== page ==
first_imgIndianapolis, In. — The Indiana Women, Infants and Children (WIC) program is instructing clients to immediately stop using divided plates that illustrate the recommended distribution of the four food groups following reports that two plates caught fire while in the microwave. No injuries have been reported.The plates have been distributed through Indiana WIC clinics since June. The program was notified of the two incidents on Nov. 8 and immediately instructed WIC clinics in Indiana to halt distribution of the plates. WIC clients are being notified of the potential hazard.“The safety of Indiana WIC clients is our top priority,” said Eldon Whetstone, assistant commissioner for the Health and Human Services Commission at the Indiana State Department of Health (ISDH), which administers the Indiana WIC program. “We urge all clients to return these plates to their WIC clinic or destroy them immediately.”The plates contain dividers that include labels showing the portion sizes for protein, grains, vegetables and fruits and are labeled as being safe for microwave use. Approximately 8,600 plates were sent to more than three dozen Indiana WIC agencies.Whetstone said not all plates are impacted but that the vendor has determined that the labels on the defective plates contained aluminum, which is not safe for use in microwaves.last_img read more

No panic for McDowell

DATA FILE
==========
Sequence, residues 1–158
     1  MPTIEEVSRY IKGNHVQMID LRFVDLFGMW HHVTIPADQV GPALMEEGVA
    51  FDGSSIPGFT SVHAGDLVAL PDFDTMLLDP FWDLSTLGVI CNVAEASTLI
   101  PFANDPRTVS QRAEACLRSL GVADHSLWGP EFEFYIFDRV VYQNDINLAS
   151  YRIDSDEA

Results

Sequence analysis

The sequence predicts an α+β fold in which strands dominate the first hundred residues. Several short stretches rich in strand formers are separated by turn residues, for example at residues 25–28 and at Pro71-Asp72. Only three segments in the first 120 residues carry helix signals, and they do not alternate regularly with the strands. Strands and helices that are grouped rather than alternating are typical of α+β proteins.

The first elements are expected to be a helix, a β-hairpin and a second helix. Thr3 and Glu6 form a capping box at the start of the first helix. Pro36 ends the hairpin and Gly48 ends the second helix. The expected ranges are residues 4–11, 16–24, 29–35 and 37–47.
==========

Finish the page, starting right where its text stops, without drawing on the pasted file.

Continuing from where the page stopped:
first_imgFormer US Open champion Graeme McDowell will avoid reaching for the panic button when he competes in this week’s Alstom Open de France. McDowell did win the Volvo World Match Play crown in Bulgari, but his missed cut in last week’s Irish Open was the fifth in his last six strokeplay events and left him spending the weekend at Carton House on the practice range, alongside compatriot Rory McIlroy, looking for some form ahead of the upcoming Open Championship. “Obviously that Volvo World Match Play offsets some really average golf for me I suppose,” McDowell admitted in his pre-tournament press conference at Le Golf National. “I feel like I went into the US Open a bit under golfed to be honest with you; (with) a few missed cuts here and there and playing a slightly reduced schedule this year.” Press Associationcenter_img He added: “I really just haven’t had enough course time the last couple of months and that was highlighted at the US Open – he shot rounds of 76 and 77 at Merion – and it was highlighted a little bit last week in Ireland, missing by one there. “I thought I had snuck in for the weekend and I could have done with a couple of extra rounds of golf under my belt, but used the weekend constructively, hit a lot of balls. “I feel like, thankfully, I’ve got a couple of victories under the belt this year to offset maybe the panic button being hit. It is a good thing to be coming into this run of golf fresh I suppose, I’ve got a lot of golf coming up here the next few months. “The game’s not in terrible shape to be honest with you. It’s been a fine line here and there. The motivation’s there and I’m feeling hungry and ready to go this summer. “I’ve worked very hard the last 10 days or so and I’ve probably hit as many balls in the last 10 days as I have in a couple of months really. I could do with a weekend here where I compete and play four rounds, get the old juices flowing.” McDowell is one of three players in the world’s top 10 competing in Paris, the world number nine being joined by eighth ranked Luke Donald and number five Matt Kuchar. last_img read more